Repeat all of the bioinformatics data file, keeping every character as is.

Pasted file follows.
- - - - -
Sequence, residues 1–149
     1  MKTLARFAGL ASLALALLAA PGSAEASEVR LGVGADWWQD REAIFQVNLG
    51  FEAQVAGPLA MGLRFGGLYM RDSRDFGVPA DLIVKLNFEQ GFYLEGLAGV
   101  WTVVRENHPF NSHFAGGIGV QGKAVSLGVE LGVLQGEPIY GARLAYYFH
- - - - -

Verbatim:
Sequence, residues 1–149
     1  MKTLARFAGL ASLALALLAA PGSAEASEVR LGVGADWWQD REAIFQVNLG
    51  FEAQVAGPLA MGLRFGGLYM RDSRDFGVPA DLIVKLNFEQ GFYLEGLAGV
   101  WTVVRENHPF NSHFAGGIGV QGKAVSLGVE LGVLQGEPIY GARLAYYFH